"Oddly enough, some of the key people who attended January 6th were not charged," Carlson said. “Look at the document. The government calls these people "unindicted co-conspirators". What does that mean? Well, it means they were FBI agents in potentially every single case. "
It is unlikely. Instead, Carlson's interpretation is based on a fundamental misunderstanding of legal terminology. Ryan Goodman, former Department of Defense Special Counsel, told me that federal law enforcement agencies would not label informants as "unindicted co-conspirators."
"It's completely far-fetched to imagine that the Department of Justice's use of the term refers to anyone working with the FBI at the time," Goodman said on a direct message. “Such individuals would not have the requisite state of mind to commit the crime and, accordingly, could never be called co-conspirators. It is plausible that an unindicted co-conspirator is now working with federal authorities, but certainly not on January 6th even with regard to the behavior alleged in these (indictment) documents. "
Carlson's conspiracy theory leaked from far-right fringe media to MAGA members of Congress
Carlson's conspiracy theory is based on an article published June 14 by right-wing Revolver News and edited by former Trump White House speechwriter Darren Beattie. As CNN's Marshall Cohen pointed out, the revolver piece is "carefully fused" with allegations being "asked as questions." Notably, Carlson's monologue went further than the article on which it was based. He made unequivocal claims that "FBI agents organized the January 6th attack on the Capitol," although evidence does not support this.
But for Trump supporters, it doesn't matter whether the idea that the Capitol attack was an inside job is justified. And after Carlson gave the deniers of the facts a glimmer of legitimacy – despite the total lack of evidence – Republican Congressmen like Matt Gaetz of Florida and Marjorie Taylor Greene of Georgia began promoting it on Twitter.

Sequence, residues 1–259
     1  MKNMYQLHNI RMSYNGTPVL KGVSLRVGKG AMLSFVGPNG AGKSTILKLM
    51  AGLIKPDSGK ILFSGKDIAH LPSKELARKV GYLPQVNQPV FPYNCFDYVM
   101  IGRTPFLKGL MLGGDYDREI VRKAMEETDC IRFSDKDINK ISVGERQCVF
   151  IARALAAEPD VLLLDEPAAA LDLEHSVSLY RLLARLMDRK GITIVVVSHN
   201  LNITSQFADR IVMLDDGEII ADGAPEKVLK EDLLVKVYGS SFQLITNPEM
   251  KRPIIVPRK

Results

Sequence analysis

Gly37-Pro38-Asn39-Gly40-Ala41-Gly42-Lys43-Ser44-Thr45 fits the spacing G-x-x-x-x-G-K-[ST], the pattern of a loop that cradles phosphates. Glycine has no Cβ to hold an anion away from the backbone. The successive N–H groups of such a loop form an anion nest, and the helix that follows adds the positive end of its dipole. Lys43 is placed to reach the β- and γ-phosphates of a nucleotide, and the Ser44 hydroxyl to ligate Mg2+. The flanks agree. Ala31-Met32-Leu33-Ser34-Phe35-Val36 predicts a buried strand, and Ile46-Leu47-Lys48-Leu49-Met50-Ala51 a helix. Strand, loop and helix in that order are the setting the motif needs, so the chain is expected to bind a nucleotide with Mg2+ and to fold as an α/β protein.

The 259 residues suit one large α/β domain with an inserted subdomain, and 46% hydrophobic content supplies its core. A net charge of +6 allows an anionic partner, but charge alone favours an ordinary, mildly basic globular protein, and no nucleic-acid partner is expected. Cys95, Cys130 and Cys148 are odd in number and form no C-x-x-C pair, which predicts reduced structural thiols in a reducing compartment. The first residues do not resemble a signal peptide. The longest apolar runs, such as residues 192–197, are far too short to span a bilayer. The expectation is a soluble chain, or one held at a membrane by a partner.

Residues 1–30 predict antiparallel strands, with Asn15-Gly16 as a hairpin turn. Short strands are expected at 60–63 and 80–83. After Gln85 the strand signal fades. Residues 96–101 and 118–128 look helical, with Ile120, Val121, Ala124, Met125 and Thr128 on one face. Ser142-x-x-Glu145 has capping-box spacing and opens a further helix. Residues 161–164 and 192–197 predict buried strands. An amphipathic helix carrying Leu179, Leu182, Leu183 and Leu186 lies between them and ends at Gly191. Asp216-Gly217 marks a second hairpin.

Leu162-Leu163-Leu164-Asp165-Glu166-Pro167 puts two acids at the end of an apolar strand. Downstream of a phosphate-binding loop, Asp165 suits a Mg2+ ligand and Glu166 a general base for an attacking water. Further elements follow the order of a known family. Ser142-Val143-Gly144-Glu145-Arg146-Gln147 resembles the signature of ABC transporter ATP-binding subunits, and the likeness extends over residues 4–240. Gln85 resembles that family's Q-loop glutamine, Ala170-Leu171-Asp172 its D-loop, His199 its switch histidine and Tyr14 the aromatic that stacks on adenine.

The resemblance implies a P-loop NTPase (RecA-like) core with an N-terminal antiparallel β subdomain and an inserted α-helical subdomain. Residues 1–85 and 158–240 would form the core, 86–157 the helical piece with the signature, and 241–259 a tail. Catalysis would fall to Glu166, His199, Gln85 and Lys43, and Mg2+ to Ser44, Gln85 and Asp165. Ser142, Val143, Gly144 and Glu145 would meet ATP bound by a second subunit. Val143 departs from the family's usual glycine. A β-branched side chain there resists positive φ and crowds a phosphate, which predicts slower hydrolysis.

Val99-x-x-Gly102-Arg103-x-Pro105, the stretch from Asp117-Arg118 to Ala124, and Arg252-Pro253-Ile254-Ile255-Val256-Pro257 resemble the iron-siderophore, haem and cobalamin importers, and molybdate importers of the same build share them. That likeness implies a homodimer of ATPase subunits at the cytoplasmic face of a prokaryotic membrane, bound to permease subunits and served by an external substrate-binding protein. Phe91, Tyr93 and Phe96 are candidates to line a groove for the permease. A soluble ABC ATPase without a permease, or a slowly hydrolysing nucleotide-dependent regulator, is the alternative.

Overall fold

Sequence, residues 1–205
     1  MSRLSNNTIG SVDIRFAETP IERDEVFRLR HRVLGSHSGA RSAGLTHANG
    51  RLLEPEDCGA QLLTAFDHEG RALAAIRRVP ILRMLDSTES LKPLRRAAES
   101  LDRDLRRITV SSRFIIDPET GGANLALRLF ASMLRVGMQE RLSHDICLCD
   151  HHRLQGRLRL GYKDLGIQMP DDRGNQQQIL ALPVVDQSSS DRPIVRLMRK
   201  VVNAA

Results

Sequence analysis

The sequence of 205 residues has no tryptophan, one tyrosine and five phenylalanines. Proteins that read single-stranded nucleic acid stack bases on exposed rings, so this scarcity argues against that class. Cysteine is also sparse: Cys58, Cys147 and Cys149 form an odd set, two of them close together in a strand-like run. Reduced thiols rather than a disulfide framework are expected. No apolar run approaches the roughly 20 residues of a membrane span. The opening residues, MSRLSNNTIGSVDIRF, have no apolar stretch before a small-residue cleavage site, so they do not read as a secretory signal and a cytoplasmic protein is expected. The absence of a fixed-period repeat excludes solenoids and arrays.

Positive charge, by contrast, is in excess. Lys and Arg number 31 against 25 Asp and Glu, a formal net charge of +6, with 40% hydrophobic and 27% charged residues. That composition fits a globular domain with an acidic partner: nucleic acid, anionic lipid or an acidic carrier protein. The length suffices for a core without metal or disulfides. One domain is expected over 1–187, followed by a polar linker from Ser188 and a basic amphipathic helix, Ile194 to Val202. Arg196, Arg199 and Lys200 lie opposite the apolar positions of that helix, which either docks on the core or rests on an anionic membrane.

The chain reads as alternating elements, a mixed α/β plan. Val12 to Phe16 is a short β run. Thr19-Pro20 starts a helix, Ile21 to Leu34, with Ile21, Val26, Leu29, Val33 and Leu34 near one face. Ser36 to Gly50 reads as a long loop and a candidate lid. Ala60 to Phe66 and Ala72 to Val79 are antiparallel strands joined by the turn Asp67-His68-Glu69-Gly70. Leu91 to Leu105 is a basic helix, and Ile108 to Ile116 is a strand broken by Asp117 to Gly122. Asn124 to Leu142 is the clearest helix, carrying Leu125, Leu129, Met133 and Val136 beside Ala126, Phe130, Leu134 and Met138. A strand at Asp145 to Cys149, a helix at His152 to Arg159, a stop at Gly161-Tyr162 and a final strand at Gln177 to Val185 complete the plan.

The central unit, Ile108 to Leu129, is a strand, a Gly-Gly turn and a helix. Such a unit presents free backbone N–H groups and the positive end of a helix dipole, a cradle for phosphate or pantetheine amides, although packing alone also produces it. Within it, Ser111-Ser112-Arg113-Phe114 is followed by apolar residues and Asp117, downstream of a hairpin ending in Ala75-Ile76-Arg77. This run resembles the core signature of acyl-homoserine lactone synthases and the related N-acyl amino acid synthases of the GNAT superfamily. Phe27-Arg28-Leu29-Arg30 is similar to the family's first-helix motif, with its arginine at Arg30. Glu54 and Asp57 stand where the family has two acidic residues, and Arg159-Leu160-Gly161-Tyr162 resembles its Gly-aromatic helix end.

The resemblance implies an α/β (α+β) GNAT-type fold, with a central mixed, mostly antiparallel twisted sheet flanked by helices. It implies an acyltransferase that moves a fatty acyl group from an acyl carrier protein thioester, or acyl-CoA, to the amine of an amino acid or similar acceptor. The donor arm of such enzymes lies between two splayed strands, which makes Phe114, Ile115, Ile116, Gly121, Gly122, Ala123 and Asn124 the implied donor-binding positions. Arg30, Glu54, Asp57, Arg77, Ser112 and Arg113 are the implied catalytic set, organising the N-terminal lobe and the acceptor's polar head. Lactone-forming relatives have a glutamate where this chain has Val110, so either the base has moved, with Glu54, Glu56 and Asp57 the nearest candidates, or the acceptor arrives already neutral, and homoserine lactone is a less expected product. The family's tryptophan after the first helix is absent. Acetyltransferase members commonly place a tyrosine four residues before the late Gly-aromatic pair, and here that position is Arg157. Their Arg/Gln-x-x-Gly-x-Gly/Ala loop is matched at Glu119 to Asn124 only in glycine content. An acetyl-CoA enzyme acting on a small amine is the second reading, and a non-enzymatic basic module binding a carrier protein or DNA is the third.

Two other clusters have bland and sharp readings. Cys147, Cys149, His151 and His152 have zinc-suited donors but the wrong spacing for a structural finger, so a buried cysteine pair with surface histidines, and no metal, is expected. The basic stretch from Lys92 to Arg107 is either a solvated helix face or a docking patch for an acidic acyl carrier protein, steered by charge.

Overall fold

BREAKING: Congressman Matt Gaetz urges FBI Director Christopher Wray to fully disclose the role and involvement of FBI agents during the January 6th Capitol riot.
More details are coming. pic.twitter.com/lviUHfhLyW
– MP Matt Gaetz (@RepMattGaetz) June 16, 2021
We need names and answers about the FBI agents who helped organize and run the January 6th Capitol Rising.
First they had a "back-up plan" to stop Trump's witch hunt in Russia.
Deep state. https://t.co/q8jKFQwVAJ
– Marjorie Taylor Greene (@mtgreenee) June 16, 2021
Another House Republican, Paul Gosar of Arizona, went further and entered the Revolver News article on Congressional records, falsely claiming that he had information about "infiltration and incitement to the March 6 protests.
While Republicans are adopting flimsy conspiracy theories to blame the attack on Nov. Greene, Gaetz and Gosar all voted against, as did a critical mass of Senate Republicans.
But the MAGA Republicans and their media echo chamber don't let facts get in the way. On June 16, Carlson responded to Twitter tagging a tweet he had posted with a misinformation warning – promoting the January 6th truth – by suggesting that it was evidence that he was right all along.
"In an effort to shut us down, Twitter just confirmed what we suggested," said Carlson. “Thanks, Twitter. They are idiots!"